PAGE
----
Memorial of St. John Neumann, bishop (USA)
Old Calendar: St. Telesphorus, pope and martyr
From: Matthew 4:12-17, 23-25
Preaching in Galilee. The First Disciples Called
 Now when He (Jesus) heard that John had been arrested, He withdrew into Galilee;  and leaving Nazareth He went and dwelt in Capernaum by the sea, in the territory of Zebulun and Naphtali,  that what was spoken by the prophet Isaiah might be fulfilled:  "The land of Zebulun and the land of Naphtali, toward the sea, across the Jordan, Galilee of the Gentiles--  the people who sat in darkness have seen a great light, and for those who sat in the region and shadow of death light has dawned."  From that time Jesus began to preach, saying, "Repent, for the Kingdom of Heaven is at hand."
 And He went about all Galilee, teaching in their synagogues and preaching the Gospel of the Kingdom and healing every disease and every infirmity among the people.  So His fame spread throughout Syria, and they brought Him all the sick, those afflicted with various diseases and pains, demoniacs, epileptics, and paralytics, and He healed them.  And great crowds followed Him from Galilee and the Decapolis and Jerusalem and Judea and from beyond the Jordan.
15-16. Here St. Matthew quotes the prophecy of Isaiah 8:23-9:1. The territory referred to (Zebulun, Naphtali, the way of the sea, the land beyond the Jordan), was invaded by the Assyrians in the period 734-721 B.C., especially during the reign of Tilgathpilneser III. A portion of the Jewish population was deported and sizeable numbers of foreigners were planted in the region to colonize it. For this reason it is referred to in the Bible henceforth as the "Galilee of the Gentiles".
The Evangelist, inspired by God, sees Jesus' coming to Galilee as the fulfillment of Isaiah's prophecy. This land, devastated and abused in Isaiah's time, will be the first to receive the light of Christ's life and preaching. The messianic meaning of the prophecy is, therefore, clear.
17. See the note on Matthew 3:2 This verse indicates the outstanding importance of the first step in Jesus' public ministry, begun by proclaiming the imminence of the Kingdom of God. Jesus' words echo John the Baptist's proclamation: the second part of this verse is the same, word for word, as Matthew 3:2. This underlines the role played by St. John the Baptist as prophet and precursor of Jesus. Both St. John and our Lord demand repentance, penance, as a prerequisite to receiving the Kingdom of God, now beginning. God's rule over mankind is a main theme in Christ's Revelation, just as it was central to the whole Old Testament. However, in the latter, the Kingdom of God had an element of theocracy about it: God reigned over Israel in both spiritual and temporal affairs and it was through Him that Israel subjected other nations to her rule. Little by little, Jesus will unfold the new-style kingdom of God, now arrived at its fullness. He will show it to be a Kingdom of love and holiness, thereby purifying it of the nationalistic misconceptions of the people of His time.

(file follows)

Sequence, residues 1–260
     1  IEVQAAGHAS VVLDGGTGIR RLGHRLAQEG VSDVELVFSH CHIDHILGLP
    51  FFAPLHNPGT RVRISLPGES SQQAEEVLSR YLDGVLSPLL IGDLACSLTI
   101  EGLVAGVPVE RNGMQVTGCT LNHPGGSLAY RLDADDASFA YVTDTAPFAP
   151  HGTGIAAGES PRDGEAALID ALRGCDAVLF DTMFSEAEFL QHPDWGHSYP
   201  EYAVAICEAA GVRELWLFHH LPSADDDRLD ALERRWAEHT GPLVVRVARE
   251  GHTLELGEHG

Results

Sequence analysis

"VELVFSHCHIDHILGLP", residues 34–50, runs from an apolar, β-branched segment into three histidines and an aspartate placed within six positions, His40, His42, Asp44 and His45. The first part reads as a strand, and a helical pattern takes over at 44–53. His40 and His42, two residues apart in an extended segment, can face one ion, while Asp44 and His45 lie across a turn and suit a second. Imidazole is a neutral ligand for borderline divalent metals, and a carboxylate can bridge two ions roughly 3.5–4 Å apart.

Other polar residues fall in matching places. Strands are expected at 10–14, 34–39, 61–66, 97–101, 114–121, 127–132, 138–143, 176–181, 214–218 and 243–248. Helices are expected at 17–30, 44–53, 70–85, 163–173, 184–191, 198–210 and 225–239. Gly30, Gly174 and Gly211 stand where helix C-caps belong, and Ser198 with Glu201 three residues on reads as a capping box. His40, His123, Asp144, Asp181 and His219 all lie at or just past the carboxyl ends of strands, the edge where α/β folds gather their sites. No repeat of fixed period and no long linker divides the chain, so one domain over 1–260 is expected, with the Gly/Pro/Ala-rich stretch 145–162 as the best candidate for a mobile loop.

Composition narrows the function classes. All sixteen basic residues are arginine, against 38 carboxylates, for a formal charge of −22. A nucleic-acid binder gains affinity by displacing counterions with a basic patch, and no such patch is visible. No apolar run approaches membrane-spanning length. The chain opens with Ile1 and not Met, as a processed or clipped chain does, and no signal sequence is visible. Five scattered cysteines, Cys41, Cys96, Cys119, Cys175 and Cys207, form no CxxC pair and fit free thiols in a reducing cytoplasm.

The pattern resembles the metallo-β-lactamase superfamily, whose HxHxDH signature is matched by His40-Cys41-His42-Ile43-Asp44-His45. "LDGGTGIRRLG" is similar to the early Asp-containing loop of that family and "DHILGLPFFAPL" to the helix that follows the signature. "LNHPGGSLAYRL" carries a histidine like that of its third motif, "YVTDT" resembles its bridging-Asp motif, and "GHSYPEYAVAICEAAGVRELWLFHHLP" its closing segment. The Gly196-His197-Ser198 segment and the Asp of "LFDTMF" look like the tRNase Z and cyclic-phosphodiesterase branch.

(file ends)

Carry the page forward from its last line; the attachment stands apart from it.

The King invites everyone without exception to this Kingdom (cf. Matthew 22:1-4). The Banquet of the Kingdom is held on this earth and has certain entry requirements which must be preached by the proponents of the Kingdom: "Therefore the Eucharistic celebration is the center of the assembly of the faithful over which the priest presides. Hence priests teach the faithful to offer the divine Victim to God the Father in the sacrifice of the Mass, and with the Victim to make an offering of their whole lives. In the spirit of Christ the pastor, they instruct them to submit their sins to the Church with a contrite heart in the Sacrament of Penance, so that they may be daily more and more converted to the Lord, remembering His words, `Repent, for the Kingdom of Heaven is at hand'" (Vatican II, "Presbyterorum Ordinis", 5).
23. "Synagogue": this word comes from the Greek and designates the building where the Jews assembled for religious ceremonies on the Sabbath and other feast days. Such ceremonies were non-sacrificial in character (sacrifices could be performed only in the Temple of Jerusalem). The synagogue was also the place where the Jews received their religious training. The word was also used to designate local Jewish communities within and without Palestine.
24. "Epileptic" (or, in some translations, "lunatic"). This word was applied in a very general way to those who had illnesses related to epilepsy. The disease was popularly regarded as being dependent on the phases of the moon (Latin: "luna").
23-25. In these few liens, the evangelist gives us a very fine summary of the various aspects of Jesus' work. The preaching of the gospel or "good news" of the Kingdom, the healing of diseases, and the casting out of devils are all specific signs of the Messiah's presence, according to the Old Testament prophecies (Is 35:5-6; 61:1; 40:9;52:7).
Source: "The Navarre Bible: Text and Commentaries". Biblical text taken from the Revised Standard Version and New Vulgate. Commentaries made by members of the Faculty of Theology of the University of Navarre, Spain. Published by Four Courts Press, Kill Lane, Blackrock, Co. Dublin, Ireland. Reprinted with permission from Four Courts Press and Scepter Publishers, the U.S. publisher.